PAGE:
Islam has been accused by certain elements, particularly in recent years, of forcing non-Muslims to convert to Islam, and being intolerant of other religions. To test these accusations, let us view the teachings of the Quran – the ultimate source of authority in Islam – in this regard. The Quran says:
“There is no compulsion in religion. The right course has become clear from the wrong. So whoever disbelieves in false deities and believes in Allah has grasped the most trustworthy handhold with no break in it. And Allah is Hearing and Knowing.” (Quran 2:256)
The above verse, like many others in the Quran, makes it absolutely clear that no one should be forced or unduly influenced to embrace Islam, for doing so defeats the entire purpose of granting free-will to humanity. A muslim is the one who submits to the will of God – and such submission should entirely be voluntary, as the Quran further states:
“And had your Lord willed, those on earth would have believed – all of them entirely. Would you then compel the people until they become believers?” (Quran 10:99)
Allah’s purpose of revealing the Quran, and earlier Scriptures such as the Torah and the Gospel, is to reiterate the right path, exhort people unto it, but ultimately, to leave it upon them to make the final choice regarding their beliefs, practices, and deeds.
“Indeed, this [Quran] is a reminder, so whosoever wills, let him take a path to his Lord.” (Quran 76:29)
“There has come to you enlightenment from your Lord. So whoever sees, does so for [the benefit of] his soul, and whoever is blind [does harm] against it. And [say, O Muhammad], ‘I am not a guardian over you.’” (Quran 6:104)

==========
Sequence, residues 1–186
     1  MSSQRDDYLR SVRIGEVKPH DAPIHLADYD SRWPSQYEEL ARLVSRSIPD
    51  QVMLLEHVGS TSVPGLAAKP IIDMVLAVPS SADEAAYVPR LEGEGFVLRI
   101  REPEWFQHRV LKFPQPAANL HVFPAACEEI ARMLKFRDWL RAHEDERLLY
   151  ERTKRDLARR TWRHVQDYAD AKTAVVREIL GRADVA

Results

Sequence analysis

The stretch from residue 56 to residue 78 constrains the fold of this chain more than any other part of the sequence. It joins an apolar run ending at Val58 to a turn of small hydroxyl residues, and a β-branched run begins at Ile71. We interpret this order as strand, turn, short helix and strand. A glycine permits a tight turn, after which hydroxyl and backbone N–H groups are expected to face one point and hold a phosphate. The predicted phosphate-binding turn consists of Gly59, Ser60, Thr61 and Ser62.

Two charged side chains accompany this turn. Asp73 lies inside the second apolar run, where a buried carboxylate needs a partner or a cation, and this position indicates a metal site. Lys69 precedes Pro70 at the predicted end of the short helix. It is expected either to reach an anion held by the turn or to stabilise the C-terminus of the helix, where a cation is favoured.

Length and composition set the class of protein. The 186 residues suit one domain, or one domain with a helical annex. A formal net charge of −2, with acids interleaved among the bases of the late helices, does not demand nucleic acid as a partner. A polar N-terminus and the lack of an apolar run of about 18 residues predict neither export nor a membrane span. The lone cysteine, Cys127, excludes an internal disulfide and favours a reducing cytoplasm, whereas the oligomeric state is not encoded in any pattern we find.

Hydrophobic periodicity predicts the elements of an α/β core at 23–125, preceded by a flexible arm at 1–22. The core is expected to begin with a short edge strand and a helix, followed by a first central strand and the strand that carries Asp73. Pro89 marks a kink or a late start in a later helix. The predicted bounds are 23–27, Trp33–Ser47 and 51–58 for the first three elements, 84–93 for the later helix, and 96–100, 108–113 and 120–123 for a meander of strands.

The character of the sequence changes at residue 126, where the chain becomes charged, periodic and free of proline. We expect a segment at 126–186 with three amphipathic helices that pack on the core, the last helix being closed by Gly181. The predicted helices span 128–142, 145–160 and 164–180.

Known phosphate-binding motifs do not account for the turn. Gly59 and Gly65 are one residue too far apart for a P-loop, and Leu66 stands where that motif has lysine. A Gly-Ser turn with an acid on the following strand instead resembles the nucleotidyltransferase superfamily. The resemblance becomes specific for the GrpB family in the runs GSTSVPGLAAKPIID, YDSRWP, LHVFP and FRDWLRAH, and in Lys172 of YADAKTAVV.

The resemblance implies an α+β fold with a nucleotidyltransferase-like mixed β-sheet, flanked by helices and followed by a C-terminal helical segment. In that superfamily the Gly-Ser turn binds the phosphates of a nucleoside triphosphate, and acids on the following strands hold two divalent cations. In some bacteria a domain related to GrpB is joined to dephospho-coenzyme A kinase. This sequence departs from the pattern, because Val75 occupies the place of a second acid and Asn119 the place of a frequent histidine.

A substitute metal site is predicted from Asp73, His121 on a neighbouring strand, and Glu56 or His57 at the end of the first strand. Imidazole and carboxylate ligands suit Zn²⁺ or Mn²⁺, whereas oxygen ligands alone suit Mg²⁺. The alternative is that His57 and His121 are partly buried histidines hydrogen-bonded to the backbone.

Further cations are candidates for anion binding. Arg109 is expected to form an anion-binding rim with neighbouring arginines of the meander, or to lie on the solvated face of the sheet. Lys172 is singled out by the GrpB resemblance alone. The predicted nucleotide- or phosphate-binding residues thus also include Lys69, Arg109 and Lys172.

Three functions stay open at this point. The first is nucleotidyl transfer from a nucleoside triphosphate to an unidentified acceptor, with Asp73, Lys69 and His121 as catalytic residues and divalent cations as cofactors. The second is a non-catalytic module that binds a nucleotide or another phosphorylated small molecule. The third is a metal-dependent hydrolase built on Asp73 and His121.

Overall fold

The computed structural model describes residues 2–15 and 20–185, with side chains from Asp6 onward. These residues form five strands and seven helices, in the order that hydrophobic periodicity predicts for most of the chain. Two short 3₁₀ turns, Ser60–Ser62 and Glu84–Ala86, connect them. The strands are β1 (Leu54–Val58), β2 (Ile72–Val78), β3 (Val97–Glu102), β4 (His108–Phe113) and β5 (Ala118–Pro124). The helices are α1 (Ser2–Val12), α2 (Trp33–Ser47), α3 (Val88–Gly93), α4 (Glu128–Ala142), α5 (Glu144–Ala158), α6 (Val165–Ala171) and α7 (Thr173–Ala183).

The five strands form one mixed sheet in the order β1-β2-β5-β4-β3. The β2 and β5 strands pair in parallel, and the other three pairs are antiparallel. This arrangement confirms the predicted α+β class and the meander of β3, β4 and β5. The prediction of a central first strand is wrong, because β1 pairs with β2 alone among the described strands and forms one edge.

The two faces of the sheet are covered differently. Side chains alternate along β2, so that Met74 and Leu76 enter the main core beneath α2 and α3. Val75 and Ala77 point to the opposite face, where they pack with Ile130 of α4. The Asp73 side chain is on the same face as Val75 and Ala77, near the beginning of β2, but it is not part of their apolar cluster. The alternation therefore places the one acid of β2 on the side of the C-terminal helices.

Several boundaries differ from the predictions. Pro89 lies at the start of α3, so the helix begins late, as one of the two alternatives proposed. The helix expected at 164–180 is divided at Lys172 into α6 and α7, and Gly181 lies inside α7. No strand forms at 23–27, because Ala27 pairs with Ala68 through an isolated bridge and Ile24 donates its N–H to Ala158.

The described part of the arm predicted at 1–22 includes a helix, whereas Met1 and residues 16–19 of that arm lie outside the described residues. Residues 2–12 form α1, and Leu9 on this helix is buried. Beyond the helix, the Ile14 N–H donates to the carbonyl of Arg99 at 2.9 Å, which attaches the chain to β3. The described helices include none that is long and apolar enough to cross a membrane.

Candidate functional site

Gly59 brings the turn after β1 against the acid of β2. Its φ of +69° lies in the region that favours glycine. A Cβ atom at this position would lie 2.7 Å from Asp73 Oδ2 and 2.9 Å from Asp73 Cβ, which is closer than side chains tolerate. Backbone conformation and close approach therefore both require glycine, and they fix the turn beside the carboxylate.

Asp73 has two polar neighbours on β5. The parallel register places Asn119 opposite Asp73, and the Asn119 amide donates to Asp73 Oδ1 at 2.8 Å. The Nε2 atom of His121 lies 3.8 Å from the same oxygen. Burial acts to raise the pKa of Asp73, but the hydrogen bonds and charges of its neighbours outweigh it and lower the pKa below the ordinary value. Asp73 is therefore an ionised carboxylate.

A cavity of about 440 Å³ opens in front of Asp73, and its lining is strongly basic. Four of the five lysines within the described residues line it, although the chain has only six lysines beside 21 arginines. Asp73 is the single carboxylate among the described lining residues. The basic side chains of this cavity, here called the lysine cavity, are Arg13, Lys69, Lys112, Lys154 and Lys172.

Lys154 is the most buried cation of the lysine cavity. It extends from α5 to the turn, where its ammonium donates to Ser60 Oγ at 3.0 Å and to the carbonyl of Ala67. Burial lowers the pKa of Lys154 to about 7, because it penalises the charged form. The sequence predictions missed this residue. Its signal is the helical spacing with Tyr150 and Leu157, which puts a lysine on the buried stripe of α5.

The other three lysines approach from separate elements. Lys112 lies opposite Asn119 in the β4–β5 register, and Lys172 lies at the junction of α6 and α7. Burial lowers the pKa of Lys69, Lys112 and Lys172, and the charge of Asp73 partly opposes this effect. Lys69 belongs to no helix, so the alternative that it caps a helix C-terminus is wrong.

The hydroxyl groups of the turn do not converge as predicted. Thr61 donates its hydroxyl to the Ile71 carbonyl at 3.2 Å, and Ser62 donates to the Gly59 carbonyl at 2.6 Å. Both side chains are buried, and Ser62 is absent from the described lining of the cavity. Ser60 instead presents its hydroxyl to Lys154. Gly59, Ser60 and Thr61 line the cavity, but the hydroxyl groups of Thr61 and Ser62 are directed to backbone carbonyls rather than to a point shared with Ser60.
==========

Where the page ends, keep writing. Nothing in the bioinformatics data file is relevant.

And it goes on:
The life of Prophet Muhammad ﷺ reflected these very teachings of the Quran regarding freedom of choice in religion. He signed treaties and pacts with non-Muslim tribes and communities with the aim to establish peace and security in the land. Moreover, he sought to change the perceptions of those who viewed Islam as a threat to their established ways through his exemplary character and deeds; there are several examples of individuals inherently opposed to Islam due to its strict monotheistic code, yet, they ended up embracing Islam after observing the Prophet ﷺ, and personally meeting him.
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Despite the rapid growth of Islam towards the end of the Prophet’s ﷺ life – when the religion had followers in nearly the entire Arabian Peninsula – there were non-Muslims living in the Prophet’s ﷺ very hometown of Medina. Furthermore, he had trading relations with them, as evidenced by the following narration of Ayesha, his wife: “When the Messenger of Allah ﷺ died, his armor had been pawned with a Jewish man for thirty Sa (measures) of barley.” (Reported by Bukhari and Muslim)
To conclude, there is a strong emphasis in Islam on following the Quran, and acquainting all people with its message which is addressed to the entire humanity, regardless of race, color, language or any other distinguishing feature. However, ultimately, each person has a choice to embrace it or not, and forcing or coercing anyone in this regard blatantly contradicts the very own teachings of the Quran and God’s Final Messenger, Muhammad ﷺ.